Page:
Blinging in the New Year

So this post brings together a few of my favourite threads – sustainability, clothing (alright, shoes) and craft for the clumsy and cack-handed.

As you know I swore off buying new clothes last year and while I’m now happily (and hopefully sensibly) shopping again, it gave me a lot of time to reflect on what I already had and how I used it – and what I should and shouldn’t buy in future.

Classic gouge – I do this to all my soft heeled shoes – shouldn’t have skipped those deportment classes!

These boots probably fall into the ‘wouldn’t buy again’ category. Not that I dislike them, I’m just not a suitably responsible owner. The leather is thin and requires a lot of maintenance, to stay black and shiny.What’s worse the heels are also leather which means I would be guaranteed to wreck them – even without the pedal damage from regular cycling.

Actually remembered to use the bit of the counter that we don’t use for sorting washing

However they are too nice to throw or give away, and so I started hatching a restoration project. For the past year I’ve been cleaning them with one of those instant ‘restorer’ polishes, to very little avail. So the first step (after cleaning off the mud from their last wear) was to pick up some proper black wax polish, brush well in and leave to marinade overnight.


This morning it was time to brush them off, and actually I was pretty pleased with the result, properly shiny with the pedal gouge much less visible than it was before. But I’d had this idea for some modifications, taking advantage of the unusual cylindrical shape of the heel. And I’d splashed out on £4.49’s worth of tape. So it was time to play.

I had ten rolls of tape altogether and experimented with various very shiny combinations before relenting and opting for something a little more subtle. So here’s the result: What do you think? Left or right, one of each or back to black?  I’m favouring left myself, but the boys prefer right. You can vote over on Insta

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Leisurely Brunch

In other very exciting news, I made up for working through my lunch hour on Friday with a Saturday brunch at Arch Rivals, celebrating the return of their legendary muffin, and the advent of its hash brown sibling. Also got to try the most delicious grapefruit cordial, homemade by Karen – now trying to persuade her to bottle it for sale.

How does Michael get the egg to this perfect oozy texture time after time?
Looking slightly top-heavy here – the fame must have gone to its head

Working Lunch

I took an early lunch this Friday and spent a fun hour interiors consulting for a friend. Previously I’ve advised on decorating choices and kitchen layouts, but this was new – how to get the most of some nice existing pieces, and transform the space with minimal financial outlay.

The location was a late Victorian terraced house in north Forest Gate, with a small bay-windowed front room still retaining some original features and a larger back room leading on to a galley kitchen. Particular challenges included a relatively narrow hallway, a straight line of sight from the front door into the back sitting room/ kitchen and stairs leading up from the back room, limiting head height in parts.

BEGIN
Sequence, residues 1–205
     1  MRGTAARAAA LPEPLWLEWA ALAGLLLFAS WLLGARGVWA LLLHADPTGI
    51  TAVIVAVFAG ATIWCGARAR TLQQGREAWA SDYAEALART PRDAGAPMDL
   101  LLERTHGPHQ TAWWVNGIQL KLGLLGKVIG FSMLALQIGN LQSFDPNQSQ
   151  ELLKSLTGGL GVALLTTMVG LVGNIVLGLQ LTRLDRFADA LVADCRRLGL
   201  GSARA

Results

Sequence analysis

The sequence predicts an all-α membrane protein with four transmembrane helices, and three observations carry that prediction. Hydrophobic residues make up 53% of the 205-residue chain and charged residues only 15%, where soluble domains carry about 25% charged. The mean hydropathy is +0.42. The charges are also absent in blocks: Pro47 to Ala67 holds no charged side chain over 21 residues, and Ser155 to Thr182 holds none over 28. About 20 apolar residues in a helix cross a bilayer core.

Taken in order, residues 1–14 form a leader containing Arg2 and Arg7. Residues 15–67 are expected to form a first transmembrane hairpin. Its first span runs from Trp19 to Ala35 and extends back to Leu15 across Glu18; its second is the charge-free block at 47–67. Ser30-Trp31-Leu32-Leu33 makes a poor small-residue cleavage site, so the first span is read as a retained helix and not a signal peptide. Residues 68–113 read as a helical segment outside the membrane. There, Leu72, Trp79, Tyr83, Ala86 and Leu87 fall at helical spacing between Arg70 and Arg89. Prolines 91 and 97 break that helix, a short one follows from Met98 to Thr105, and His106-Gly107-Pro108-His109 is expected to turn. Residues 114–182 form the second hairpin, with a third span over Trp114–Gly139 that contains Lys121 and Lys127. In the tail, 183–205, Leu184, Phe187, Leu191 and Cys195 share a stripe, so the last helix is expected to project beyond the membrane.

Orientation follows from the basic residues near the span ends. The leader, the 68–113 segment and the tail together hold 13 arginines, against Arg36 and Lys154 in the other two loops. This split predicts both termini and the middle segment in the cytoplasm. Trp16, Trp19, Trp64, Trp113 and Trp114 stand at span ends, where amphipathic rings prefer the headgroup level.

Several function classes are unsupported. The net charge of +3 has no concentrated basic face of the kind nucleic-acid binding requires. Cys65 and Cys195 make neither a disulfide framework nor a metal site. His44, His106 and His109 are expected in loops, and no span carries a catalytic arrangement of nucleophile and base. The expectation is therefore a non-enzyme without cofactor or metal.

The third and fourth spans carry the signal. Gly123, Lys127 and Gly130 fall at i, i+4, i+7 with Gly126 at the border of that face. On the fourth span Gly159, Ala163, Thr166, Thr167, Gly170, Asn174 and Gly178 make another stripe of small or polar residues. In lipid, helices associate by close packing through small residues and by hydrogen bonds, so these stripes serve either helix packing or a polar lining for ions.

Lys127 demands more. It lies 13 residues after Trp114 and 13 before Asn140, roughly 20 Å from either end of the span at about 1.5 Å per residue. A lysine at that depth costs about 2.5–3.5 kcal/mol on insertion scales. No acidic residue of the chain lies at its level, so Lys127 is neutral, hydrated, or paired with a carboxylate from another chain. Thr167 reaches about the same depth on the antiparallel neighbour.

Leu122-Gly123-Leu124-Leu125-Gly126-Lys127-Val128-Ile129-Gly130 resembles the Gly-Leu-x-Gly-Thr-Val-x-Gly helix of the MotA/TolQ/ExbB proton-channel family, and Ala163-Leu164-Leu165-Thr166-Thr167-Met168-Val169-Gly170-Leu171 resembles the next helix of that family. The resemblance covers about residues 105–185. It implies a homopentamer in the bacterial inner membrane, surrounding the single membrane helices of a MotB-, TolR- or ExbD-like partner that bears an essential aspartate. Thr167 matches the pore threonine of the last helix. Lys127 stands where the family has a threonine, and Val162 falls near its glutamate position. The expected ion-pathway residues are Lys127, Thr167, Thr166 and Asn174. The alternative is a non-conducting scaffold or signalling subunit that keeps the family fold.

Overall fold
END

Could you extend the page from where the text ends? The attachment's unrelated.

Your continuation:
My friend had already dealt with some of these by hanging a lightweight curtain on a rod across the hallway, storing most outdoor clothes elsewhere and sensibly using the limited head height space as her desk area.

However she was keen to make more of the space, and of some great vintage furniture and heirlooms. The difficulty was that some of the family pieces were on the large side for this house. Finding space for all of them meant compromising on layout and had seen the front room turn into more of a storage area – leaving the back room for dining, working and relaxing.

I spent the first half hour measuring up rooms and furniture. Luckily many of the pieces easily found natural homes – a large circular rattan armchair from the back room is exactly the right size for the bay – and the sofa which currently straddles the front room could tuck against one wall. We agreed that three things probably needed to go – a tall narrow cupboard, a lovely but too big dining table and a sturdy computer workstation configured for a desktop machine rather than a laptop.

Bays are tricky. Leaving them empty seems a waste but filling them completely makes it hard to access windows and curtains. A chair like this is a great compromise and a nice lookout post.

This (theoretically) frees enough space to move the stereo and TV each into their own alcove in the front room, put a smaller drop leaf dining table into the back room, and bring her gorgeous vintage formica topped table into use as a desk. Having a smaller table in the back room also creates space for a small vintage coat stand that she already owns but stores elsewhere.

Theoretically, as right now all three big items are still in the house, and it can be hard to move things on. Sometimes it’s because of a sentimental attachment, sometimes because throwing away still serviceable items seems wrong, and sometimes because you paid good money for them in the first place and you either want or need to recoup that investment.